Sunday, 9 August 2015

interview: Susan Sheridan

This is a combination of two interviews that I did with Susan Sheridan – the original Trillian in Hitchhiker’s Guide on Radio 4 - posted today as a tribute to a bright and funny lady who has just left us too soon. In 1998 I did a stack of phone interviews with cast and crew for a big 20th anniversary feature in SFX. These are my notes from talking to Sue Sheridan in January that year:

How did you land the role of Trillian?
"I was hooked into doing it by Richard Whiteley and Miriam Margolyes - which is an odd combination. Like most of the cast, I suspect, I read the script and didn't understand a word of it. I was in the second episode, so everybody knew each other except me.”

Did it feel at the time like it might be something more than just another Radio 4 comedy?
“We knew it was so zany that it would either be a brilliant hit or a complete flop. I think the first time I realised how successful it was when my brother, who was a schoolboy at the time, said that all his friends in the sixth form at Gordonstoun were fans and absolutely loved it.”

Why were you not in the cast of the Original Records LP?
"I didn't do the LP because I was doing a voice for Disney at the time, for The Black Cauldron.”

Did the show help you career?
"I think Hitchhiker's was one of the big coups of my acting career. It certainly opened the door to a lot of radio, including being part of the radio rep. I went on to work with John Henderson on a series called Round the Bend - I think that was because of Trillian.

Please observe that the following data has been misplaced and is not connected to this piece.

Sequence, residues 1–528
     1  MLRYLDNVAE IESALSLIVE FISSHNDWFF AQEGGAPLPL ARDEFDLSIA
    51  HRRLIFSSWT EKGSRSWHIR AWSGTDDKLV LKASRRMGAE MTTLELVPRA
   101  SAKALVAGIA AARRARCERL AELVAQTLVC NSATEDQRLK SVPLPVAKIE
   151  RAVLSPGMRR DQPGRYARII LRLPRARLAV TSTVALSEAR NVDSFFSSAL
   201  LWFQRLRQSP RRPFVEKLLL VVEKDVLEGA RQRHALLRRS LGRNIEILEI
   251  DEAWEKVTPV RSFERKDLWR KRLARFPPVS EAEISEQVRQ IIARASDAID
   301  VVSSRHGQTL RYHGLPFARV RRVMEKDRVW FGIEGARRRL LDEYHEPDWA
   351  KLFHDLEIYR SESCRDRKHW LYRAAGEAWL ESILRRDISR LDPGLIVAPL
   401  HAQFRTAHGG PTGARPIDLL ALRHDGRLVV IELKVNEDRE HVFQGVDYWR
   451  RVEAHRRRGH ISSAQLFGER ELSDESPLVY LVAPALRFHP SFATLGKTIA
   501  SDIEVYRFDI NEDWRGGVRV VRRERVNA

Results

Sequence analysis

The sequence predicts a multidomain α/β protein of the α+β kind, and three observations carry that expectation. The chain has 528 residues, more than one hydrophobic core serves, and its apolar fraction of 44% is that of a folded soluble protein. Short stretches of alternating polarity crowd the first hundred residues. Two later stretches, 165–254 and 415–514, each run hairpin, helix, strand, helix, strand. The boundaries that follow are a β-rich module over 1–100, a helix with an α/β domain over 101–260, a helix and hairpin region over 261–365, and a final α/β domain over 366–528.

How did you feel about not being cast in the TV series?
"I knew they wouldn't use me on TV. It was an opportunity to have a glamorous blonde - which I am now but I wasn't then! Also an American voice. But I didn't mind. My career has been mostly theatre and voice-work, which is fine.”

What is your abiding memory of Hitchhiker?
"My memory is of being in the Paris Studio, where we recorded most of it, standing on stage with all these strange sound effects and bizarre music all around us. Geoffrey Perkins was in charge, and I think Douglas was there all the time.”

Was there any suggestion that Trillian might return for the second radio series?
"Was I in the second series? No, I don't think I was. I'm probably confusing it with the repeats, because they repeated it almost immediately, and kept on repeating it ad nauseum. Although that meant I kept getting paid for it - which I didn't mind at all!"

Five years later I finally got to meet Sue when Dirk Maggs reunited the original radio cast for 'The Tertiary Phase'. This interview was conducted in November 2003:

When did you first hear about this project?
“Well, we were going to do it in the 1990s and we were all prepared to have our reunion then. I can’t remember the details but I think unfortunately it was to do with there not being a script that was usable then. It was very sad for us but in a way it means that now we’ve got a better script than we would have had then.”

What did you think when Dirk contacted you and said it was back on?